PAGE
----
The transport situation is expected to partially ease from Thursday as the two striking bus unions decided to defer their agitation by 10 days. The taxi associations, however, decided to go ahead with their 72-hour strike. The cab bodies decided to go ahead with their programme despite transport minister Madan Mitra more sympathetic stance to their demands.
The bus strike deferral brought respite for commuters, as 45,000 private buses in and around the city will ply on Thursday. Considering the bandh on Thursday, fewer buses are expected to run, but from Friday they will be on the roads.
“I have asked the cab associations and bus associations to withdraw their strike. I have sought 10 days time to reconsider their decision of a fare hike. Bus owners have already agreed and we are going to oppose Thursday’s strike,” said Mitra.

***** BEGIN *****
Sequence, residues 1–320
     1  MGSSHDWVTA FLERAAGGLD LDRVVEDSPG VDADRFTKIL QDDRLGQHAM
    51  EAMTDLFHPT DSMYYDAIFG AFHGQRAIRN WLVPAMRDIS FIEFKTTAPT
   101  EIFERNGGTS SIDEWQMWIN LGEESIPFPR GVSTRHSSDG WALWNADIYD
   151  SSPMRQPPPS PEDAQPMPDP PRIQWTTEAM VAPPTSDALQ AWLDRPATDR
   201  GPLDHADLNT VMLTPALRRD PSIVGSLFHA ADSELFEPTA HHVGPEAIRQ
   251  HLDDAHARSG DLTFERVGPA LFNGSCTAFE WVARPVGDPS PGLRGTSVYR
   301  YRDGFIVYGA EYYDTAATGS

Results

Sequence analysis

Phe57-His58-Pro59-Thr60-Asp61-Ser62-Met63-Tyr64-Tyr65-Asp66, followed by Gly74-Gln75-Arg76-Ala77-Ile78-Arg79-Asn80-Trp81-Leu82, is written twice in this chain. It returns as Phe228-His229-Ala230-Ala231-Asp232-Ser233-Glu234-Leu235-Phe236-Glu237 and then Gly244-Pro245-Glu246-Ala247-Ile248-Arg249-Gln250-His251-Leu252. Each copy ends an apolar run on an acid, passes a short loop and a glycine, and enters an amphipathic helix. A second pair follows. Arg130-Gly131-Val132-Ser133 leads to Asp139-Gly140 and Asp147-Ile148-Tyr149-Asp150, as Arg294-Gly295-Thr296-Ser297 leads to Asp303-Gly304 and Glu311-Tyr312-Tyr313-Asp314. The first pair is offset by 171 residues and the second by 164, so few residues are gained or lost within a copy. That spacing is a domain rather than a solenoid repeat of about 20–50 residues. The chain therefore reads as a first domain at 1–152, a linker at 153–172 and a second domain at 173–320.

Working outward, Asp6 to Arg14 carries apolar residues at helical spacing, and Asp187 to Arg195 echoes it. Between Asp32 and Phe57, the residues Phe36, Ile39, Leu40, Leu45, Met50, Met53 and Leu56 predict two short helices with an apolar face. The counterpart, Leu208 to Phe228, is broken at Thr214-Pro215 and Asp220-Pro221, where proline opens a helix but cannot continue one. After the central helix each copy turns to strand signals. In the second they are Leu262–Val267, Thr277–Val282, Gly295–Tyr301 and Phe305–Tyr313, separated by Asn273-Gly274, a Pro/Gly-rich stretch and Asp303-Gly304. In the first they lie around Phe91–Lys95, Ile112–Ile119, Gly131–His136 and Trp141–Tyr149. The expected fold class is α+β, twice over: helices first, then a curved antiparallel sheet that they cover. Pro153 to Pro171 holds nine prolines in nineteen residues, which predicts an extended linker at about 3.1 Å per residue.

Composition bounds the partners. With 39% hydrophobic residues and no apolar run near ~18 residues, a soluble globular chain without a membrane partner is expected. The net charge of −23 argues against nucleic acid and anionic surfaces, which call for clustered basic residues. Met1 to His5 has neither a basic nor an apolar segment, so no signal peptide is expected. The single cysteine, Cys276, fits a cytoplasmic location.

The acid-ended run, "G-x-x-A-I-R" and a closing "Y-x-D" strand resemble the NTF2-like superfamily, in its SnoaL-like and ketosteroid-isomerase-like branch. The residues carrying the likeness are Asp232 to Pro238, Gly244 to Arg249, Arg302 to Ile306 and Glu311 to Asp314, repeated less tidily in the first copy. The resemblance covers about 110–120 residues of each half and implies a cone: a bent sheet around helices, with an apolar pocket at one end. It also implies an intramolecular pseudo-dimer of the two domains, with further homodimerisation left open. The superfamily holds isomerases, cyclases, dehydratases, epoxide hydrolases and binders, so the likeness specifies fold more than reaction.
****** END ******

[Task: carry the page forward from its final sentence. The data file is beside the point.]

The state government has urged Trinamool Congress affiliated unions to ply buses, autos and taxis on Thursday. If everything works out, then commuters can avail the services of 45,000 public buses, 4,000 minibuses and 20,000 autos on Thursday. However, more than 30,000 out of the 35,000 taxis will stay off the roads.
“There will be a crisis, as taxis will not be available on Thursday. We are going to run extra government buses. A majority of these buses will ferry passengers to and from Howrah and Sealdah stations and the airport,” Mitra added.
The transport minister has termed the strike called by Left Front and taxi operators a ‘rubbish’ decision. He said cab owners could have easily postponed their strikes as the government had promised to reconsider their decision. On the other hand, he slammed Left Front’s decision stating it is useless to lodge any protest in West Bengal since the state government is no longer an ally of UPA.
“I do not know what happened in the meeting between bus operators and transport minister. We have not received any assurance from the minister yet. So questions of withdrawing the strike do not arise,” said Tarak Nath Bari from the Calcutta Taxi Association.